Archive for the ‘Local government’ Category

Dave Hansford, Protecting Paradise: 1080 and the fight to save New Zealand’s wildlife, Potton & Burton, 2016, 250pp, $34.99; reviewed by Don Franks

Along New Zealand roadsides, especially on the South Island’s west coast, are hammered hand painted signs. “1080 poisons our water”, “Kea killed in 1080 drop”, “1080 kills everything”.

The  accused 1080 is an organic salt, sodium monofluoraetate. First developed as a rodent killer during World War II by the US Fish and Wildlife Service, 1080 has since been in wide use for vertebrate pest control. The substance is spread in New Zealand today by the Department of Conservation (DOC), aimed at killing rodents preying on native plants and animals.

Some opponents claim 1080 does  (more…)

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The interview below was conducted with members of the rank-and-file Health Sector Workers Network who belong to the nurses’ union (the NZNO).

Philip Ferguson: What have been the key issues in the nurses’ dispute with the DHBs?

Health Sector Workers Network actvists: They really are two-fold.

There are the issues around safe staffing, which with chronic staff shortages, have seen Nurses, Midwives and HCAs working in dangerously unsafe working environments.  In many worksites, particularly the Emergency Departments and Mental Health facilities, there are daily incidents of verbal and physical abuse and assault of staff.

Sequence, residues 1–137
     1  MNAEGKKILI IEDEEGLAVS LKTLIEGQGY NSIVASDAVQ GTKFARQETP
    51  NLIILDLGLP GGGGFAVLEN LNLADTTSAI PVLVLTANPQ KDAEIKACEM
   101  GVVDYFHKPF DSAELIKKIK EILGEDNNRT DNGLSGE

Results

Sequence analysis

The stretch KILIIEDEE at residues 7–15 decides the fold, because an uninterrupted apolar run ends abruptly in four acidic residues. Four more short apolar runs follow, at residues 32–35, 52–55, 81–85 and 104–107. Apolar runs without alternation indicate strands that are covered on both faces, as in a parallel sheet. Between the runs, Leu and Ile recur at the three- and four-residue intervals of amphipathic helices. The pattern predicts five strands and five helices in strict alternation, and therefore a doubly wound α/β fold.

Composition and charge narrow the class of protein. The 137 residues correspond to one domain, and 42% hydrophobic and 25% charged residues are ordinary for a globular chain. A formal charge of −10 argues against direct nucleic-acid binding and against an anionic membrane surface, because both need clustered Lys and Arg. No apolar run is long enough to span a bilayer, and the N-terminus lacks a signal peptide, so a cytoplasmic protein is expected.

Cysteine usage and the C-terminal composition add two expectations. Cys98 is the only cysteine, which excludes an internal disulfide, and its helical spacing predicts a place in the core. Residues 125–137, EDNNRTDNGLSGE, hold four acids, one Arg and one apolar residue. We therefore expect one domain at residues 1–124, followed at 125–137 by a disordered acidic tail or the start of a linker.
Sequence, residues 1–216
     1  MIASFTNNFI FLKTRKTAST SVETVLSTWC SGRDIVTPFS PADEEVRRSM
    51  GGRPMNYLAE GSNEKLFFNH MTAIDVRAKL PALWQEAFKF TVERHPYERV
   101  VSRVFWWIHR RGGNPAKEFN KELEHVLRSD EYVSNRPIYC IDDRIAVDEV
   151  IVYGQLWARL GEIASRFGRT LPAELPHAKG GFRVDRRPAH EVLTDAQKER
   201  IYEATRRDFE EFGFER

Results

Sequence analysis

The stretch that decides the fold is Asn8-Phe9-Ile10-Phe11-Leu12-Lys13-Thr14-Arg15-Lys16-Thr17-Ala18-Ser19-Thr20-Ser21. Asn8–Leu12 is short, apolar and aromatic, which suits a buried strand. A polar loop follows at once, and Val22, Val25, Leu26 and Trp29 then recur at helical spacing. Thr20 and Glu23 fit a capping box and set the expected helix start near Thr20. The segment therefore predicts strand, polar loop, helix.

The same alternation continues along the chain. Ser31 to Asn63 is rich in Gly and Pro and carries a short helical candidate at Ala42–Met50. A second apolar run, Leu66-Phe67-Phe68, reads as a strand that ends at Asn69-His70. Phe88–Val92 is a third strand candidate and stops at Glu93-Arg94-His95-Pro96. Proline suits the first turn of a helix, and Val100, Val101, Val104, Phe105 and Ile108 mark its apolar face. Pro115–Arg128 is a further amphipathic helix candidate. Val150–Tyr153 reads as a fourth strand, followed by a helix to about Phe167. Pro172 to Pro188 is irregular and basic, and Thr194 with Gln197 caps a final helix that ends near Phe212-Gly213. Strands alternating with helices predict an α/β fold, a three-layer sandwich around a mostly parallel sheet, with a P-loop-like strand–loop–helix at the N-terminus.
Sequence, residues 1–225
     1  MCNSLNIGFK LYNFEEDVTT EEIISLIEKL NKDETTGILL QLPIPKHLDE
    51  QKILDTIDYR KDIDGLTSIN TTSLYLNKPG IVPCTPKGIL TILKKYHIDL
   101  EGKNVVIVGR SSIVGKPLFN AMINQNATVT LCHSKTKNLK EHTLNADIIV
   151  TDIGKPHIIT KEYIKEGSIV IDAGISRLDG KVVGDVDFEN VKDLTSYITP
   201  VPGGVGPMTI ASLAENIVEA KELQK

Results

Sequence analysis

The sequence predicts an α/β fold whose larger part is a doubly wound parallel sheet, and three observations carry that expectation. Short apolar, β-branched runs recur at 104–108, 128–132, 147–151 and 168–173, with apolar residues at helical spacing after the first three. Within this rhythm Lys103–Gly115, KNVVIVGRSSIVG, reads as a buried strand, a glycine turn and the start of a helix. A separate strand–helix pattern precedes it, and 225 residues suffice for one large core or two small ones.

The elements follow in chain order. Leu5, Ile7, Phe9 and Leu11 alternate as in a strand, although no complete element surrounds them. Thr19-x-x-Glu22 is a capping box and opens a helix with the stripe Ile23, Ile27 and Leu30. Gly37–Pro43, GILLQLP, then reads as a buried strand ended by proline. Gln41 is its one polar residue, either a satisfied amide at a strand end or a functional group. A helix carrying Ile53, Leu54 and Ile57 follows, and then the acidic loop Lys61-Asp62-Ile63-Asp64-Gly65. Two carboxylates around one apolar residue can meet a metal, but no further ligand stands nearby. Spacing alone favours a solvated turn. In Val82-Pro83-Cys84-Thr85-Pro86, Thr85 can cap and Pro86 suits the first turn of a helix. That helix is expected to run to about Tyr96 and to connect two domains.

The ability to give excellent patient care without the need for care rationing will only be possible with more staff and clear patient-staff ratios.

Pay equity is the other important issue that members are passionate about.  The need to have remunerations that reflect skills and responsibilities is essential.  We need staff retention and the ability to attract new people to the profession.  If this doesn’t occur, Nurses, Midwives and HCAs will look elsewhere for better wages and conditions, like jumping the ditch to Australia.  Already nurses are leaving on an almost daily basis, resulting in chronic staff shortages and if these issues aren’t addressed it will only get worse.

PF: How successful has the industrial action been?

HSWN: There have been mixed feelings on the success of the strike action.  Due to this dispute being (more…)

Nurses have stood strong, but union head office has counselled giving up. Pic: Matthew Tso/Stuff

by Don Franks

“It is clear to all parties that there is no further additional funding available for this MECA.  The Government has made this clear repeatedly to all parties and publicly. On this basis we believe further strike action is highly unlikely to deliver any further improvements for our members.”

That’s a recommendation to union members from the NZ Nurses Organisation, just posted on Facebook by a union member who has issues with the union head office stance, Al Dietschin of the Health Sector Workers Network.

Al notes, this amounts to “(t)rying to convince us to surrender because they’d rather help the Government keep the BRR/fiscal restraint policy intact” and suggests an alternative strategy:  “If we were to strike again, aligned it with other public service/sector unions actions, and if we organised cross union pickets of Labour Party offices, we could force the purse strings open.”